"Red Dawn" remake irks Beijing

Thu Jun 3, 2010 2:03am EDT
 
Email This Article |
Share This Article
  • Facebook
  • LinkedIn
  • Twitter
| Print This Article
[-] Text [+]

By Jonathan Landreth

BEIJING (Hollywood Reporter) - An MGM remake of the 1984 film "Red Dawn" -- this time, with the Chinese and the Russians as the enemies -- has drawn sharp criticism from one of the leading Chinese state-run newspapers two days in a row.

"U.S. reshoots Cold War movie to demonize China" and "American movie plants hostile seeds against China," read the Monday and Tuesday editorials in the Beijing-based Global Times, whose daily circulation, in Chinese and English editions, is about 1.5 million.

Coming on the heels of secretary of state Hilary Clinton's China visit, the commentaries said the $42 million film, directed by Dan Bradley and starring Connor Cruise (son of Tom Cruise and Nicole Kidman), "is deeply rooted in Americans' fear of China's rise."

"Despite the world's focus on U.S.-China relations in the strategic and economic dialogue and their increasing economic connections, China can still feel U.S. distrust and fear, especially among its people. Americans' suspicions about China are the best ground for the hawks to disseminate fear and doubt, which is the biggest concern with the movie 'Red Dawn,'" one commentary said.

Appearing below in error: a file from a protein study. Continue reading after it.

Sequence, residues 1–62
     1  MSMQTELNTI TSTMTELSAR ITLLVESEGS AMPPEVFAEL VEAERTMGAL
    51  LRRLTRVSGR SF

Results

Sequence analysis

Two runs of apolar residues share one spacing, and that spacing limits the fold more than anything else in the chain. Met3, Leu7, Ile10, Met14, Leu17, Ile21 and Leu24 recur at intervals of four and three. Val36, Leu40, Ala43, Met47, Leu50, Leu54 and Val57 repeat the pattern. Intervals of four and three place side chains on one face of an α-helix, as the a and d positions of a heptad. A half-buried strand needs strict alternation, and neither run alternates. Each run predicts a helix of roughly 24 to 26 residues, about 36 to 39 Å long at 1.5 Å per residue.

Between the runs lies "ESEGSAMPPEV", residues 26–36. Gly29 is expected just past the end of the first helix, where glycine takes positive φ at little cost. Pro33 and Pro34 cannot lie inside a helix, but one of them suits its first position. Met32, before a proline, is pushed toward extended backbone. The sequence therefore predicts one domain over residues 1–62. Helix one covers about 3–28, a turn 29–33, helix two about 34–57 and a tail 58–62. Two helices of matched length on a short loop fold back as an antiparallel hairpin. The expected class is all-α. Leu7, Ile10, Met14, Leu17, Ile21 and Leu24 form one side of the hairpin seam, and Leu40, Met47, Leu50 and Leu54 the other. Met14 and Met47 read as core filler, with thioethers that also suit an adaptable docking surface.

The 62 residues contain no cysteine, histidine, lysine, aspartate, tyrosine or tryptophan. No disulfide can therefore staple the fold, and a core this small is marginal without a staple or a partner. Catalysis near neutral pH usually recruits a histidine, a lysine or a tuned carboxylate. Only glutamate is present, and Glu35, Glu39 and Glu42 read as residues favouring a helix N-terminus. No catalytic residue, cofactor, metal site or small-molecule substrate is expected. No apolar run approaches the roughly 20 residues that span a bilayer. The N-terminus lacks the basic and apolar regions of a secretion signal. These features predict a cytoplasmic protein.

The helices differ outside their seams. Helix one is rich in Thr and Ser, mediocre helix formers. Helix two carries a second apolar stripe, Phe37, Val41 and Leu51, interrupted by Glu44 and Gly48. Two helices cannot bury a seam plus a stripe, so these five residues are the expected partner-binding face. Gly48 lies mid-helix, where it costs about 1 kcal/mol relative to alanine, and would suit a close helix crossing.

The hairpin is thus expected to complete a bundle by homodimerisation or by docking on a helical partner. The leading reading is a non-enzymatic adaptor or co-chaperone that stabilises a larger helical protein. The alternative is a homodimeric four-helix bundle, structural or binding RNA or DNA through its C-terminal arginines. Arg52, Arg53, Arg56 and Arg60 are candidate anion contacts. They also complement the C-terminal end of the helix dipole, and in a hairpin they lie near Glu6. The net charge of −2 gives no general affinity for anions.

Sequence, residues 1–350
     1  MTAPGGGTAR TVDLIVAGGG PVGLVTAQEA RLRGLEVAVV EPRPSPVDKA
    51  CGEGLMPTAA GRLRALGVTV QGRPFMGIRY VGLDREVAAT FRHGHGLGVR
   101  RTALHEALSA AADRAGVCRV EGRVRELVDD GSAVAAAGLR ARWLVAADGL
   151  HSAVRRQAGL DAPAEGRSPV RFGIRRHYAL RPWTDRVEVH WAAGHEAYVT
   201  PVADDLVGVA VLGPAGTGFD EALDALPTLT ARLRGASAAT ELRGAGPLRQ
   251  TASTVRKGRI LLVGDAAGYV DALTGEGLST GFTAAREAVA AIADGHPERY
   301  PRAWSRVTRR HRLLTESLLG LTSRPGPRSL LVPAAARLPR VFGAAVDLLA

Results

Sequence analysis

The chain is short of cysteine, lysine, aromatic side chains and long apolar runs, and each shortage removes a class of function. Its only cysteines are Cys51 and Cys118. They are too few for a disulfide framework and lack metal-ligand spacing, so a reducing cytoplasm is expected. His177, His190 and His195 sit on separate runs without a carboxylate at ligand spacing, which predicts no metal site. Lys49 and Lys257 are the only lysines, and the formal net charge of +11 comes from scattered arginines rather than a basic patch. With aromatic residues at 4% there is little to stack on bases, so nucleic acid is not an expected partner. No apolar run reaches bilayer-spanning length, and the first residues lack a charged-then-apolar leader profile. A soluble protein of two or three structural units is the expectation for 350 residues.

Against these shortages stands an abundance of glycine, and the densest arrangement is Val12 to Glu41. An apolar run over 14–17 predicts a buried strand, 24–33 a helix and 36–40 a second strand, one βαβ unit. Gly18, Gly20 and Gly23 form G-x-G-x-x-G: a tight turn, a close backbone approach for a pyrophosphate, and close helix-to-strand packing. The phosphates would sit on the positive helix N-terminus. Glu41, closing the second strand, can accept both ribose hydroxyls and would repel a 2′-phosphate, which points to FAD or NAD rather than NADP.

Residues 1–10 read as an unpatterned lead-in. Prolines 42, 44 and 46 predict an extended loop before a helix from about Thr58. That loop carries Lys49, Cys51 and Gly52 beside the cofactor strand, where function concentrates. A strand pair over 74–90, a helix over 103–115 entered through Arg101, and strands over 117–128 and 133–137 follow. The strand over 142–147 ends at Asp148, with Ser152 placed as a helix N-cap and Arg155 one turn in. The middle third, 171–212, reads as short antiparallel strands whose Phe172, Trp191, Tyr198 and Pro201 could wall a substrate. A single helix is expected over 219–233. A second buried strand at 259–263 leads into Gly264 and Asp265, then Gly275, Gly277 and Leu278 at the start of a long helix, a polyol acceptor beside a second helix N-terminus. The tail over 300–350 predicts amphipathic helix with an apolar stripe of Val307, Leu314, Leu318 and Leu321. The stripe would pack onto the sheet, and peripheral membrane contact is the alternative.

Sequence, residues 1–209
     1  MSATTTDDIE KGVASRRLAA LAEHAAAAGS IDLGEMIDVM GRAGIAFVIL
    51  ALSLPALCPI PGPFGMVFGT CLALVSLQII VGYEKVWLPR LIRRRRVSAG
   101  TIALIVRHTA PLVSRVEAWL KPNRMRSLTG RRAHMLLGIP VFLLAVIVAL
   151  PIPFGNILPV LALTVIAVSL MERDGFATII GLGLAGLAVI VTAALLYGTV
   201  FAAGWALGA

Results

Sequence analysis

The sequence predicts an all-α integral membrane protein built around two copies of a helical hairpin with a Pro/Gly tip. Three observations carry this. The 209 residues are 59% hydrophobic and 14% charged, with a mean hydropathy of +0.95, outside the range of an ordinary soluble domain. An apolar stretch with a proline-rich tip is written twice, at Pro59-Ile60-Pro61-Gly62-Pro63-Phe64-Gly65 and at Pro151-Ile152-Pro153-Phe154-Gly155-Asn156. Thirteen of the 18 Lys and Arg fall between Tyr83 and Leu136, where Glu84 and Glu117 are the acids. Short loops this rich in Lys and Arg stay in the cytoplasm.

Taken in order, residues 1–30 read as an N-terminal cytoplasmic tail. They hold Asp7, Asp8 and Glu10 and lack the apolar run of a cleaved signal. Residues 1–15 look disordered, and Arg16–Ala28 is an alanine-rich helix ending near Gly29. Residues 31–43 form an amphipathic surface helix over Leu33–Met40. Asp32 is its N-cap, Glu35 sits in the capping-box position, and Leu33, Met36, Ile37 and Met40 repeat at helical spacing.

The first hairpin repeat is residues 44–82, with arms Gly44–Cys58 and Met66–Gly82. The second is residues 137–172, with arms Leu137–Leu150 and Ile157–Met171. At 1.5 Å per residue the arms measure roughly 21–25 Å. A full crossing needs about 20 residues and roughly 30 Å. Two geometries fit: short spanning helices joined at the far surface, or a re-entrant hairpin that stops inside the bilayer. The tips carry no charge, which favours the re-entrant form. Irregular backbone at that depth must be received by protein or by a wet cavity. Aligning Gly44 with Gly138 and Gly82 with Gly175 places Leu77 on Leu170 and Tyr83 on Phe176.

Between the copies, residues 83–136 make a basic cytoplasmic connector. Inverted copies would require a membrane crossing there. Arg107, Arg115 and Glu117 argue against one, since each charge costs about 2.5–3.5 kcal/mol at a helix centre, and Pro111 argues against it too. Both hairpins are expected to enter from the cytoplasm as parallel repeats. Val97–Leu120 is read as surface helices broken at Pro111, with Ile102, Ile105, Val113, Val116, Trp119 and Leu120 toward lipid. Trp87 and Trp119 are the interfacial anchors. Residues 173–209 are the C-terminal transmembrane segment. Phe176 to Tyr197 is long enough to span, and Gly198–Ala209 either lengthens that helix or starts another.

Excerpts of the new "Red Dawn" script, by Carl Ellsworth and Jeremy Passmore, leaked last weekend on the Web site The Awl. The excerpts appear to reflect a story in which China's People's Liberation Army -- led by Korean-American actor Will Yun Lee as the chief baddie, Captain Lo -- invade the U.S., with a group of resisters fighting back.

Posters online for the film, which MGM plans to release in November, show a cracked red, white and blue U.S. map stamped with the PLA star and the slogan "Rebuilding Your Reputation," according to The Awl.

MGM spokesman Grey Munford said the posters were made by fans, not by the filmmakers. "There isn't a one-sheet for the film at this time," he said.

China's media regulators long have bristled at politics in the movies and recently censored all mentions of Russia and Russians as villains from the Chinese theatrical version of "Iron Man 2."